Mayor reveals plans to accelerate permitting and development during State of the City.

Turning the corner to a reelection run in 2024, Mayor Rick Blangiardi laid out a transformational and likely controversial path forward for Honolulu in his third annual State of the City speech Tuesday.

He proposed a number of sweeping reorganization proposals, including splitting the troubled Department of Planning and Permitting into two separate divisions and similarly dividing the Emergency Medical Services and Ocean Safety and Lifeguard Services into separate agencies.

He also unveiled plans to create a new “rocket docket” system for building approvals that will speed development but potentially reduce the ability of the community to review or impede construction projects.

Blangiardi’s top campaign issue has been escalating efforts to build affordable housing. Much is underway already.

Honolulu Mayor Rick Blangiardi delivered his third State of the City address before a livestream by Hawaii News Now. (Screenshot/Hawaii News Now)

He announced that more than 2,200 low-cost housing units have been recently completed and are being rehabilitated, planned or constructed, a major advance in that direction.

This includes 500 units purchased with private activity bonds in Chinatown and Waipahu, 155 units of senior housing to be completed this fall, also in Chinatown, and about 200 to be built in Royal Kunia at the former Kunia Box Car Lot.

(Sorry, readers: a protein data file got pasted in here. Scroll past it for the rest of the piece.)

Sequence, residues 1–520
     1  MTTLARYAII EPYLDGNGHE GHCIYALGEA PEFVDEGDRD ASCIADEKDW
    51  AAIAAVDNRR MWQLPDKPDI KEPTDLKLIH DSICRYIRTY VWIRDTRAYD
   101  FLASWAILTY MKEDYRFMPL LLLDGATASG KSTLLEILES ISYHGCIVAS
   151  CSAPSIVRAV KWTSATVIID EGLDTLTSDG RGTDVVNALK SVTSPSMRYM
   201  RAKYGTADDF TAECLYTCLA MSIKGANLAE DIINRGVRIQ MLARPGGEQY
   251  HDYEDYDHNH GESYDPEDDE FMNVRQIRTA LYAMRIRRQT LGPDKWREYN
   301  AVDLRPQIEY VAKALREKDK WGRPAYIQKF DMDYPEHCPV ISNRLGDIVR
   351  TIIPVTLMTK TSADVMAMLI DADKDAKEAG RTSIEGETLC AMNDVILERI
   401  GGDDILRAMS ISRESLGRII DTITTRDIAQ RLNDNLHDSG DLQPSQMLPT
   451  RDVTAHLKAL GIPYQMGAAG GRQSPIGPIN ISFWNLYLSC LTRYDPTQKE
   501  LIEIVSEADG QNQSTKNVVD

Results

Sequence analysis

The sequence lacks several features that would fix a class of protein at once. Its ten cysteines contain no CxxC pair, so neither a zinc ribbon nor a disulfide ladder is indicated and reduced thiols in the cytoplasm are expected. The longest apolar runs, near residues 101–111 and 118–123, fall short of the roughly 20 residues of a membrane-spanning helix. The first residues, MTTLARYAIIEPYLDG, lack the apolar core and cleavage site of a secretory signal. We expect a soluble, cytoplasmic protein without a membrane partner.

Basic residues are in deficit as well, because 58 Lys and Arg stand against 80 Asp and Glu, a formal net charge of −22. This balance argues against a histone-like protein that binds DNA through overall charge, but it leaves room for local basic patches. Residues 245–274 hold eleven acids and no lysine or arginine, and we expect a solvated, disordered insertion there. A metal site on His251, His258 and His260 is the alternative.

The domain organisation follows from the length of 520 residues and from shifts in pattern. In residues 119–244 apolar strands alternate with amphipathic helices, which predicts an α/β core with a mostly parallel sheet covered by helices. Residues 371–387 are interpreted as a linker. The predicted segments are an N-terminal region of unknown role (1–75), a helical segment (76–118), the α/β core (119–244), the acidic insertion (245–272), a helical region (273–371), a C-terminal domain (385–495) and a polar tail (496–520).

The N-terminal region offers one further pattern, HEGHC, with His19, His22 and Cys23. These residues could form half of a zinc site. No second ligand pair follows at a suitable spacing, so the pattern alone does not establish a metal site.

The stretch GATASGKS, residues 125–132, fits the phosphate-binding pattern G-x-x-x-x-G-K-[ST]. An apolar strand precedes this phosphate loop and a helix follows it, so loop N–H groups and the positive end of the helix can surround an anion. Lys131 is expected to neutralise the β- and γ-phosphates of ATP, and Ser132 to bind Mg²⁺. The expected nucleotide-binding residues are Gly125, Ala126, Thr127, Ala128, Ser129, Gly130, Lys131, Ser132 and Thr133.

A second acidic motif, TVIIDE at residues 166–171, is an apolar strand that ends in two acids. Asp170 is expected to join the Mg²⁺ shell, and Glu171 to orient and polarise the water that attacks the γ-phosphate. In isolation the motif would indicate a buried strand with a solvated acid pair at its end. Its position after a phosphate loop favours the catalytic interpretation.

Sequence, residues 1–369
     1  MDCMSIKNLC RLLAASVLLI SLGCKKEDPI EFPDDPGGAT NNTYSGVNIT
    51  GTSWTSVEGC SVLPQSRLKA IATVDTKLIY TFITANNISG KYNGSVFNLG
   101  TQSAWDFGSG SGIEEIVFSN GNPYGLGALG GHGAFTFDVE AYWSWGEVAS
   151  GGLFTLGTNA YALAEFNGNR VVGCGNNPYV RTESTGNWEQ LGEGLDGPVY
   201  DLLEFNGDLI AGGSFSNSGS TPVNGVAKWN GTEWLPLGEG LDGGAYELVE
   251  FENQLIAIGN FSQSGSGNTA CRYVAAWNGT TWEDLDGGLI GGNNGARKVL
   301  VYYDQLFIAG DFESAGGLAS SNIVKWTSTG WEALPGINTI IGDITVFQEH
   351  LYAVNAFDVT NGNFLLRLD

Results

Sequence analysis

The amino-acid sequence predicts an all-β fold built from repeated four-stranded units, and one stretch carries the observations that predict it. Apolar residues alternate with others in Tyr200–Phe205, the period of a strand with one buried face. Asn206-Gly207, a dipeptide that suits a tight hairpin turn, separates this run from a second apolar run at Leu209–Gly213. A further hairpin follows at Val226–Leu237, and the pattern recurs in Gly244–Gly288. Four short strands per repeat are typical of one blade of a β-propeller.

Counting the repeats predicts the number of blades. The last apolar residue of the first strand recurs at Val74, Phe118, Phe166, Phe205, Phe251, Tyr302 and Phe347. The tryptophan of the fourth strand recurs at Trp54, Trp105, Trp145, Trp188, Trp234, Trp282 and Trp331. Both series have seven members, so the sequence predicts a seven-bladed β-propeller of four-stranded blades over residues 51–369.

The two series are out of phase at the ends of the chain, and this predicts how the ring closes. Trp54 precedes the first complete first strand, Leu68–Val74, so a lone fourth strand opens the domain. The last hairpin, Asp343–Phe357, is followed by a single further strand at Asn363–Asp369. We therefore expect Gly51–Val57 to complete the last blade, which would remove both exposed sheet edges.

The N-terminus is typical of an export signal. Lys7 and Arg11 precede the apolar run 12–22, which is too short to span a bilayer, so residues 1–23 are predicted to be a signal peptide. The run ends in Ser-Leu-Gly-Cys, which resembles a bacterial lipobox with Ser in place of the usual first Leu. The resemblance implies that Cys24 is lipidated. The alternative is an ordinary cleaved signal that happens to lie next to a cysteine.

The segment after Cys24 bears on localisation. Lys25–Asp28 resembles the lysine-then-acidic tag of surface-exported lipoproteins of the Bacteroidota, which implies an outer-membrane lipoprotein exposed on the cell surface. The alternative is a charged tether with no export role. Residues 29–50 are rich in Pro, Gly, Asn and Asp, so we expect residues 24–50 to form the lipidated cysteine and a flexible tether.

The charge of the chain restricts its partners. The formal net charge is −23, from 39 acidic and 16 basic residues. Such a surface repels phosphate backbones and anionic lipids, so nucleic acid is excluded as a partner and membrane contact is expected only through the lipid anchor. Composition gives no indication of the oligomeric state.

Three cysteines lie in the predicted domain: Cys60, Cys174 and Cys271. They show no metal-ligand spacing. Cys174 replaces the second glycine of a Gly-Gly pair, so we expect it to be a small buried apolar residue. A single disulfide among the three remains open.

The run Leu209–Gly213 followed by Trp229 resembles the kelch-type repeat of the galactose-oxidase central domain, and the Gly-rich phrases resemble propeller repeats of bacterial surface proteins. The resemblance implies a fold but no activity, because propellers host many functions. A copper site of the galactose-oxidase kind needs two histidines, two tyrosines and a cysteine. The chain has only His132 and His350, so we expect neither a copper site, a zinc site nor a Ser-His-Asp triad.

Blangiardi wants to step up the pace at DPP, where projects take nearly a year on average for approval by an understaffed and overwhelmed department.

To further stimulate housing construction, Blangiardi proposed dramatic changes to the development process, including an increasingly automated permit review, allowing outside contractors to review building plans rather than relying on city staff. He would also allow builders to “self-certify” that their building plans meet city construction requirements.

Some of these ideas have had mixed outcomes in the past. Self-certification, or self regulation, is a concept that was popular in the Reagan administration but was later recognized as having problematic results. Outside permit reviews have been tried in the past and resulted in electrical system failures and health and safety concerns, according to former DPP chief Dean Uchida, KITV reported.

The self-certification process has been introduced in the Honolulu City Council as Bill 6.

City officials also plan to introduce legislation that would allow developers to begin their projects while the permits are being processed, rather than waiting until they have been issued.

Reorganizing Housing And Homelessness Programs

Blangiardi announced he has hired Denise Iseri-Matsubara, the executive director of the Hawaii Housing Finance and Development Corp., as the new director of the city’s Office of Housing and Homelessness. He said Iseri-Matsubara’s experience at HHFDC would permit better alignment of city and state housing policy. The mayor said he is authorizing her under his charter authority to consider ways to reorganize the city’s housing and homeless programs.

Denise Iseri-Matsubara, was named new director of the city’s Office of Housing and Homelessness. (Hawaii News Now)

Iseri-Matsubara is the official most closely associated with the state’s 201H program, which gives city officials 45 days to approve, modify or deny proposals that have been approved by the HHFDC. That state program has attracted criticism recently, including from some area residents after it was used to expedite approval of a 43-story high-rise residential tower at 2599 Kapiolani Ave.